I'd never single out some random person and mock them for their private beliefs. It would be cruel to do so, and would likely accomplish nothing. Besides, I'd have no way of knowing what their private beliefs were in the first place. However, public beliefs are a somewhat different matter. Someone who introduces his or her beliefs into the public arena is asking for attention. In these cases, a response may be appropriate.
Suppose a stranger approaches me in the parking lot of a local store and loudly informs me that he believes the Loch Ness monster is real and that scientists are concealing evidence. Whatever reluctance I might feel to mock private beliefs is not relevant here. I might opt not to mock this man at all. I might agree with him, suggest that he seek mental health treatment, attempt to steer clear of him out of fear, or any number of other responses that would not include mockery. But I may also laugh in his face, let him know that I disagree with him, or engage him in discussion with the goal of showing him the error of what he believes.
When someone introduces a belief into the public arena, dialogue about the belief is appropriate. My friend, who is in the process of shopping for a new car, approaches me and asks what I think about the model of Ford she's interested in. During the conversation, she tells me that she would never buy a foreign car because cars made in America are far more reliable than imports. She's serious. I'm probably going to suggest that she's wrong.
Religious beliefs are not any different. They are not entitled to special treatment simply because they are religious. When they are expressed in public, they are open to discussion, disagreement, and yes, even mockery and ridicule.
In the small Mississippi town where I live, there is an annual Easter tradition where a Baptist pastor and his associates cary a large wooden cross roughly 7 miles down one of the busiest sections of road in the town. This has gone on for 34 years now, and the intent, according to our local newspaper, involves "paying homage to the Biblical text that tells of the suffering and crucifixion of Jesus Christ."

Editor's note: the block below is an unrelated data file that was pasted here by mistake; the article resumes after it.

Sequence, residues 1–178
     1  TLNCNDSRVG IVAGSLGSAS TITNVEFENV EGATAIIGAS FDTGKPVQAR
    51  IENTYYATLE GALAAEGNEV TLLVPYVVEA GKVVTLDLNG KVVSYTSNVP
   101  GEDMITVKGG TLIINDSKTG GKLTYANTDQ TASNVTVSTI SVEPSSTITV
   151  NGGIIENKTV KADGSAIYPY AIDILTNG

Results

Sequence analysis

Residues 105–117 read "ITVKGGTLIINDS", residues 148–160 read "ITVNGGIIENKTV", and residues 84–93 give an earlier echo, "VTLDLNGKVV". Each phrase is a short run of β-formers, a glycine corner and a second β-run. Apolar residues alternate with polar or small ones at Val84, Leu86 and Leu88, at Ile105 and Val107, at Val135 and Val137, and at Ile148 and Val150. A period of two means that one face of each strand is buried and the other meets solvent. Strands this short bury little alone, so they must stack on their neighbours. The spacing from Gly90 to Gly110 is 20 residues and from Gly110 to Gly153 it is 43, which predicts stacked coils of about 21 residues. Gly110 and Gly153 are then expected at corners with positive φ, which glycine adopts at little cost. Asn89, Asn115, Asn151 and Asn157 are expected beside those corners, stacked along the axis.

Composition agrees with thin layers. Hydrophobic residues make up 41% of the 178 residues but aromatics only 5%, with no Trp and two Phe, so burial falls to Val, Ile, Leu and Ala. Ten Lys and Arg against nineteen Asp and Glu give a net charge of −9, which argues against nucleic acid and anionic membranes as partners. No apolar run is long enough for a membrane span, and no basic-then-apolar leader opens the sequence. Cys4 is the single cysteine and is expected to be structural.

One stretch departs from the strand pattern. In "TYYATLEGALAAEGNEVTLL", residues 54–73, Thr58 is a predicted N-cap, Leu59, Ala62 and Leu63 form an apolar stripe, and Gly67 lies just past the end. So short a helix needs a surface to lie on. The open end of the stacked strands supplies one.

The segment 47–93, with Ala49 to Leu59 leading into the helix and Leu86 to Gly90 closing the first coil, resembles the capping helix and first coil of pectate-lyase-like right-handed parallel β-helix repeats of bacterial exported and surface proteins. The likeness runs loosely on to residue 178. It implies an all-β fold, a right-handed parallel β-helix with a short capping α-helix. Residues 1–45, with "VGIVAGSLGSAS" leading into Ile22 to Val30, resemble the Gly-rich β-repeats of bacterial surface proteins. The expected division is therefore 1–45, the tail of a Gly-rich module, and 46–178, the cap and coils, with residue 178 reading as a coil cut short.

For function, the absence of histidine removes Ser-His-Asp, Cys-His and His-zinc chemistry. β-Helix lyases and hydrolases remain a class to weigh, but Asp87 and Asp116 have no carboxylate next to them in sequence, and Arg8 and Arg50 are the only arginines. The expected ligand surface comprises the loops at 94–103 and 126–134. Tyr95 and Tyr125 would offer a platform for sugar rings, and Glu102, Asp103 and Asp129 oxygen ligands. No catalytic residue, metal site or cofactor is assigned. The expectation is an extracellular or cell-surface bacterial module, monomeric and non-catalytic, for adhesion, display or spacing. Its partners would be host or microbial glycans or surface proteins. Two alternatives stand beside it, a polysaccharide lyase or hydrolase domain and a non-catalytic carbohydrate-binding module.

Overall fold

Does this constitute a public expression of belief? Absolutely. Not only is this cross carried down one of the busiest sections of road around, the local police and sheriff's department provide escorts. So it is not only public in the sense of being put out there for all to see, but it is public in the sense that our local law enforcement agencies assist with it.
My argument is simple: by virtue of acts like this being public, they are fair game for discussion, disagreement, and even mockery. I would never dream of knocking on the door of this pastor's home or church and mocking him, but when he makes a public spectacle out of what he believes, other options become available (e.g., pointing and laughing, joining in dressed as Zombie Jesus, organizing an event at the same time to do something constructive).
Acts like this deserve no additional respect simply because they are motivated by religious belief. And the beliefs which motivate them deserve no additional respect simply because they are religious. Religious belief is not respectable, and it should not be treated as such, especially when it intrudes into the public arena.
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